George Balanchine, known as the father of American ballet, broke ground when he put his twist on traditional ballet standards and technique. Ib Andersen, Ballet Arizona’s artistic director, is one of a handful of artists worldwide authorized by The Balanchine Trust to stage Balanchine’s masterpieces. He will present three interpretations of Balanchine’s work May 11-14, including two with an Arizona twist, during five performances of All Balanchine at Symphony Hall.
Ballet Arizona will stage Balanchine’s Square Dance for the first time in Arizona, combining the spirit of an American folk dance with the precision and techniques of classical ballet, accompanied by music by Antonio Vivaldi and Arcangelo Corelli.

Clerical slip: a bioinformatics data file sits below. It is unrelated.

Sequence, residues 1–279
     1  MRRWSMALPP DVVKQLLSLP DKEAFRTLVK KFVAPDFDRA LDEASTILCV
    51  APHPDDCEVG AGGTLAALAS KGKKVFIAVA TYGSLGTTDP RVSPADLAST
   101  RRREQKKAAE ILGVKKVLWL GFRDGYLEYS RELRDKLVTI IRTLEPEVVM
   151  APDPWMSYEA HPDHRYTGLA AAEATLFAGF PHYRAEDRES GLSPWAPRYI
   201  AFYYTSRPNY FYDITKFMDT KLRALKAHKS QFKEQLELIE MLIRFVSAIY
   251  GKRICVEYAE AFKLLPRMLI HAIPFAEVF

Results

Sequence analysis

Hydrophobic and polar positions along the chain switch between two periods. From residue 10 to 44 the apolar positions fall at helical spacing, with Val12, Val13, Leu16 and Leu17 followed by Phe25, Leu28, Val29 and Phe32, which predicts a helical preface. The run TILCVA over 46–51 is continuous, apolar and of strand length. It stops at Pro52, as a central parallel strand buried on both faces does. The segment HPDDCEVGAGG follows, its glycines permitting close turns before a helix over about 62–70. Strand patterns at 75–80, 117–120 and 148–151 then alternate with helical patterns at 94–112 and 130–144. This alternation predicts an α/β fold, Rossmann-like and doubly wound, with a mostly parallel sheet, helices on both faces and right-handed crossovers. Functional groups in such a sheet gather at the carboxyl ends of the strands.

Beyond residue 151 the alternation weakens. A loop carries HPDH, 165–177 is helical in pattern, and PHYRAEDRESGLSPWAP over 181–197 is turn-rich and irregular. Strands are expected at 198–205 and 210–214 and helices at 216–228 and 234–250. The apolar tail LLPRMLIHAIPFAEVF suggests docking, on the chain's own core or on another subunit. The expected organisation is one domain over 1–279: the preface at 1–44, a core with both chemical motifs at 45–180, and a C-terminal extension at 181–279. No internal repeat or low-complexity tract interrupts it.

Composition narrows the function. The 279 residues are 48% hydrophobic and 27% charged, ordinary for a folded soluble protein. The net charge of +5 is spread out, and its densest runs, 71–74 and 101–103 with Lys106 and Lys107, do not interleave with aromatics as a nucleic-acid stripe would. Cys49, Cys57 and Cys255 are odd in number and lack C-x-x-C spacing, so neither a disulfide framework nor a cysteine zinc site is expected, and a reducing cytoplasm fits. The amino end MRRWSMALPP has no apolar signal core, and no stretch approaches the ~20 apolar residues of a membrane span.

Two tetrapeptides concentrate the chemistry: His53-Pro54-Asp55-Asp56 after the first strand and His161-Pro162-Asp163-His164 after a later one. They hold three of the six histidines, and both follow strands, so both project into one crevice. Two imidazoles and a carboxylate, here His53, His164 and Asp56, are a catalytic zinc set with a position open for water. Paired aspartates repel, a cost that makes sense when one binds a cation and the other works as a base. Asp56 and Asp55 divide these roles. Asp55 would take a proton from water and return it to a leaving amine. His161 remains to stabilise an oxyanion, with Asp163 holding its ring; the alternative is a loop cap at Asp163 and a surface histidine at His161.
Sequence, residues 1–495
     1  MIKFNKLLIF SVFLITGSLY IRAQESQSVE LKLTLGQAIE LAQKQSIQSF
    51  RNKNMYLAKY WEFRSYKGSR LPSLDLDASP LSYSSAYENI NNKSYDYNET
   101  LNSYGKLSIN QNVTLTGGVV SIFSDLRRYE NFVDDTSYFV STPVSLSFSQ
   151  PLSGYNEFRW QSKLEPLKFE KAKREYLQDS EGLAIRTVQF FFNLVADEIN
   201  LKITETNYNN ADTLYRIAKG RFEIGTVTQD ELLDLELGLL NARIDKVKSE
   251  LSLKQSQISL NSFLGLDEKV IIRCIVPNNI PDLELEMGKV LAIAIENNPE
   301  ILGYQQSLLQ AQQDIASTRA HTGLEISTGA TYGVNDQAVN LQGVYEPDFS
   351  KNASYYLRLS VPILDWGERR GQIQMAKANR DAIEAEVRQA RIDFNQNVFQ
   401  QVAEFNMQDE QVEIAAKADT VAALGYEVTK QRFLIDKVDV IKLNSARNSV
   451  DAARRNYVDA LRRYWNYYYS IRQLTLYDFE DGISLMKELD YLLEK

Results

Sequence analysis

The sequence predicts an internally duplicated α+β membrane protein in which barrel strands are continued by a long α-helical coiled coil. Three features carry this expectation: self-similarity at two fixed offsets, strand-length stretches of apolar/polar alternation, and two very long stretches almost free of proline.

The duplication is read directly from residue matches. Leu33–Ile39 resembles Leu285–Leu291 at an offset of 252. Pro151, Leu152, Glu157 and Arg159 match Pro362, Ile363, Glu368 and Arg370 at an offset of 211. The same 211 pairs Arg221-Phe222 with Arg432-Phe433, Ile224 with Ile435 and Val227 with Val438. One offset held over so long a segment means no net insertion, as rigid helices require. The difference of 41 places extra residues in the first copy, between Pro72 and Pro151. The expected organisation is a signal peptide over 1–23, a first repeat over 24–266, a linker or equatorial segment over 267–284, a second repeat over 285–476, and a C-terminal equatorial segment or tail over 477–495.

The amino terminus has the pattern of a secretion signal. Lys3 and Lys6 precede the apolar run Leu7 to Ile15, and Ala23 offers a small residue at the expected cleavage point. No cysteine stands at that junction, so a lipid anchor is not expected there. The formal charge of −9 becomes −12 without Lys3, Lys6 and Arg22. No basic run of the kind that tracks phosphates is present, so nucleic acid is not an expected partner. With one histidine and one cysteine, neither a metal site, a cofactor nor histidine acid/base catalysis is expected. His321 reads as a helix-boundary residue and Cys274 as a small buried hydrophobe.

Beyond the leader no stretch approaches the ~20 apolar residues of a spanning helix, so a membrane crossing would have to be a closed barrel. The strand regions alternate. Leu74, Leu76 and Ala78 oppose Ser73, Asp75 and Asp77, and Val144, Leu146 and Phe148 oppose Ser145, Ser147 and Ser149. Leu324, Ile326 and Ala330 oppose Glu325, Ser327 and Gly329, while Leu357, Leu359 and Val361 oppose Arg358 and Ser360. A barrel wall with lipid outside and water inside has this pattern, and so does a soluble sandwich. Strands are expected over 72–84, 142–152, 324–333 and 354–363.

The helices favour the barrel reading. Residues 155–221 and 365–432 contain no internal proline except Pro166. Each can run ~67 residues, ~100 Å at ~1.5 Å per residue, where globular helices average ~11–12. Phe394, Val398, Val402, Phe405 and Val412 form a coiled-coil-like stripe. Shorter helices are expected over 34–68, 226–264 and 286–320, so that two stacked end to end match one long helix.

Western Symphony, a joyous ballet based on traditional Western songs, will also bring a Southwestern touch to All Balanchine. The large ensemble work features cowboys and dance-hall girls with the backdrop of an Old West saloon, along with music arranged by Hershey Kay.
Agon captures the raw spirit of Balanchine’s ballets in a composition for 12 dancers, showcasing the choreographer’s talent by only using the basic elements of dance: music, dancers and choreography. Igor Stravinsky’s dissonant 12-tone score, created with Balanchine’s choreography in mind, lends an avant-garde soundtrack to the piece.
Symphony Hall, 75 N. Second St., Phoenix
For more information/tickets, visit balletaz.org.